Omnichannel informing innovation

E-commerce considerations should be factored into innovation and product development, Kirby continued. "There are numerous ways e-commerce can be leveraged to strengthen R&D pipelines,”​ he stressed.

For instance, e-commerce can be a useful source of consumer feedback and insight. “Frequently checking the ratings and reviews that shoppers leave on retailer websites for the products produced by a manufacturer and those produced by competitors in the category. This source of real consumer and shopper feedback frequently offers guidance as to whether existing products in a manufacturer’s portfolio, as well as new product launches, are truly meeting the needs and expectations of shoppers and consumers. Support this with analysis of conversations taking place in locations such as recipe forums to identify the challenges faced by home cooks, how food fits into their lifestyles and what food trends are on their radar, there is a rich source of information at any manufacturer’s disposal.”

Research and development departments should keep a weather eye to the needs of the channel, from appropriate packaging to dealing with questions over how to deliver fresh items such as meat or produce in an e-commerce friendly way. However, Kirby cautioned, e-commerce innovation cannot be viewed as an island.

“There is no doubt that e-commerce should be an important consideration in innovation, however, it cannot be done in isolation. There is no such thing as just an online shopper or just a supermarket store shopper, so suppliers will need to think harder about how their products work across channels, whilst at the same time being able to offer tailored execution to specific retailers to suit their particular target customer groups.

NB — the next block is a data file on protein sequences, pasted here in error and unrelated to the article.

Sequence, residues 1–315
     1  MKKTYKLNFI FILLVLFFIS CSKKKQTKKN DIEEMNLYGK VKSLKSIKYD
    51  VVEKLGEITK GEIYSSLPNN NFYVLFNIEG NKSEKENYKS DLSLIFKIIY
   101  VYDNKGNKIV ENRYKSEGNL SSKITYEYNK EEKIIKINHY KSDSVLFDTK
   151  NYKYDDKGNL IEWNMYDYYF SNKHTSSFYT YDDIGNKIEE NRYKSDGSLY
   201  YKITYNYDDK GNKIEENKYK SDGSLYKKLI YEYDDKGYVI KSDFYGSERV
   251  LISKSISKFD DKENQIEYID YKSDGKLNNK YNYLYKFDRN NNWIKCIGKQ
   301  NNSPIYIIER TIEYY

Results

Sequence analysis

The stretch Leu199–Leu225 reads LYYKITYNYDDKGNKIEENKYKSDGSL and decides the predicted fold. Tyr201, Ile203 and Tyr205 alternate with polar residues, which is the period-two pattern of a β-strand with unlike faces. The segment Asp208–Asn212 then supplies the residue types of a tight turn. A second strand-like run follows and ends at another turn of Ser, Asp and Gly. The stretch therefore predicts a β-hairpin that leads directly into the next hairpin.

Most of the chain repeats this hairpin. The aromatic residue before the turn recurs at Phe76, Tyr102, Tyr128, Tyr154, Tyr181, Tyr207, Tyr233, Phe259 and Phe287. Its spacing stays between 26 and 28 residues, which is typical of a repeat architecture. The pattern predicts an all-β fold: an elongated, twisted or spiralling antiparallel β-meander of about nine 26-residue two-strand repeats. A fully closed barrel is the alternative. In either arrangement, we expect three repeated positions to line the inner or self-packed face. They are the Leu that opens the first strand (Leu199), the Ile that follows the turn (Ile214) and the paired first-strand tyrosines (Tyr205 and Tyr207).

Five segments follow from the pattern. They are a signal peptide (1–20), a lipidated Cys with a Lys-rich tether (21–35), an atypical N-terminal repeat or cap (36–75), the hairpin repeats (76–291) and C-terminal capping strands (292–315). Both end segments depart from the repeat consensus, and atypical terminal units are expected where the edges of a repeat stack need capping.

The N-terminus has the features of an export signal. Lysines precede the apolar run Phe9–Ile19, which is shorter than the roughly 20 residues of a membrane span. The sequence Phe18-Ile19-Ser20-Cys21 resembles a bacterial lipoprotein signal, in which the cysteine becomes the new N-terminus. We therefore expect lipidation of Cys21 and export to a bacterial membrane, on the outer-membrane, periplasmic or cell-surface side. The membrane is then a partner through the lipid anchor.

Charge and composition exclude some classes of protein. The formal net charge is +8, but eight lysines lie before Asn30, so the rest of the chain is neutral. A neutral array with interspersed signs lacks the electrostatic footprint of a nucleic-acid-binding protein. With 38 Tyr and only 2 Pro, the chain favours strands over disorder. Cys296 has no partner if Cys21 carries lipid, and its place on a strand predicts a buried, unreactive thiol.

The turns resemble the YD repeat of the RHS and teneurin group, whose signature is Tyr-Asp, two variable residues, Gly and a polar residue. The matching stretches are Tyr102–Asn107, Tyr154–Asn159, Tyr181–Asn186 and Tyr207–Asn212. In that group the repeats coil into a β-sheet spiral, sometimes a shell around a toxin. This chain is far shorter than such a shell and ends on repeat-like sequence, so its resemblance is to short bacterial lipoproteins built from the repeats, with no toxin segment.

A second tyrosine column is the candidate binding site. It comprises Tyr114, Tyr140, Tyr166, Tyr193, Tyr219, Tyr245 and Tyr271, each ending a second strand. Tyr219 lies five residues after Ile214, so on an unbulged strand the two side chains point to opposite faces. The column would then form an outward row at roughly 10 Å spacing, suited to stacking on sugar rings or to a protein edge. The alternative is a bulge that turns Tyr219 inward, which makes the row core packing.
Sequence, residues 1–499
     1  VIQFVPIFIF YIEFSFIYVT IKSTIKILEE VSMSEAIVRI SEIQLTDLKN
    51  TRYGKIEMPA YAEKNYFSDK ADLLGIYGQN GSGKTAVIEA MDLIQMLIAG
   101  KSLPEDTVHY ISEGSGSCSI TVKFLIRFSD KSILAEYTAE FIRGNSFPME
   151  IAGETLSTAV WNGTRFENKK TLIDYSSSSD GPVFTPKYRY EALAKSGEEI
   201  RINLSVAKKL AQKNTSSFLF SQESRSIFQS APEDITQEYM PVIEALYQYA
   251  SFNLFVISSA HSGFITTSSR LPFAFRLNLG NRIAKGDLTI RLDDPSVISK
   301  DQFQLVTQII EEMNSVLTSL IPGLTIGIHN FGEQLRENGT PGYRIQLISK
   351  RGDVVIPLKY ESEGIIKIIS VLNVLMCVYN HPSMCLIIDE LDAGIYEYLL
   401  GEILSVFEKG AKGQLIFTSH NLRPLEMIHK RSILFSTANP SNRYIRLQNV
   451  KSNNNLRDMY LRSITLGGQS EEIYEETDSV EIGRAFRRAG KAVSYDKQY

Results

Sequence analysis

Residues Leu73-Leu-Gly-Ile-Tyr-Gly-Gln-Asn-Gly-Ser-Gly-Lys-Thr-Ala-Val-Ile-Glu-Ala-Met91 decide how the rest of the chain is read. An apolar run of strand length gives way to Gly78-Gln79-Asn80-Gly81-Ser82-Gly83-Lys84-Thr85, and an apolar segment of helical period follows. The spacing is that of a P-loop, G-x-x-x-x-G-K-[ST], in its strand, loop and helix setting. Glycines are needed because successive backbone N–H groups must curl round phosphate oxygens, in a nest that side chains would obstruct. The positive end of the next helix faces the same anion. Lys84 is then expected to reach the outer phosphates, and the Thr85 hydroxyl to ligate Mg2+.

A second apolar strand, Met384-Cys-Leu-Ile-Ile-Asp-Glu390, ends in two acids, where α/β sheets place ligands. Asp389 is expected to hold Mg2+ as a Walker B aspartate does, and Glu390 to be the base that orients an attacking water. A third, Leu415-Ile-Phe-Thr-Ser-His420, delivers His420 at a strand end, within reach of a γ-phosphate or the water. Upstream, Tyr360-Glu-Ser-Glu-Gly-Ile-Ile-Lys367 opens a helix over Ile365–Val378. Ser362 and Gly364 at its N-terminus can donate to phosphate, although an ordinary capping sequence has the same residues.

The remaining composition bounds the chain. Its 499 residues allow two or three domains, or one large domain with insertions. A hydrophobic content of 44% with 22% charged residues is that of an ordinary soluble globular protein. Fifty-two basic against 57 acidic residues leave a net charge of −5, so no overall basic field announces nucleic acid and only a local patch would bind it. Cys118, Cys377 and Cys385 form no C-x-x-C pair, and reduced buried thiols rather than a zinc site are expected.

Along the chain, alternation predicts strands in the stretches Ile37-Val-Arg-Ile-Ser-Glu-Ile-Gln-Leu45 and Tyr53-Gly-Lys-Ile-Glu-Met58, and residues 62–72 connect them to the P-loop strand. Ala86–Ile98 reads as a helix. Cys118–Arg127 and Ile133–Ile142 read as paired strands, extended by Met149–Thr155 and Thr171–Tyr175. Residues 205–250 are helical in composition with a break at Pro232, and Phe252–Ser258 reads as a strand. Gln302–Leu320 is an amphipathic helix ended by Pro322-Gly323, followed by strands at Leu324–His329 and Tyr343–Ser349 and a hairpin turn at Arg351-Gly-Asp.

“For suppliers, this could mean that such things as pack designs will need to work on the digital shelf as well as they do in a supermarket in order to drive efficiency and effectiveness and being more targeted with their product distribution based upon shopper missions in a given channel.”

Launching bespoke e-commerce products or formats could potentially add complexity to both manufacturer and retailer supply chains, reducing efficiency and increasing costs.

This pitfall can be avoided through an agile approach to innovation and an awareness of the needs of the omnichannel shopper. “Key to executing this successfully will be developing pipelines based on improved insight around the omnichannel shopper, working more collaboratively with key retailer partners earlier in the innovation process to get early buy-in to the final execution and coming up with creative online shopper marketing solutions to drive shopper engagement and sales online,”​ Kirby suggested.

A nimble mindset will also become increasingly necessary for R&D professionals due to the changes in shopper behaviour underpinned by their online activity, Kirby believes. “A key consequence of shoppers and consumers sharing more information and views about products and trends is that the lifecycles of some products could become shorter. This will mean that food innovation pipelines will need to become faster and more agile to respond to quicker to an immediate shopper and consumer need.”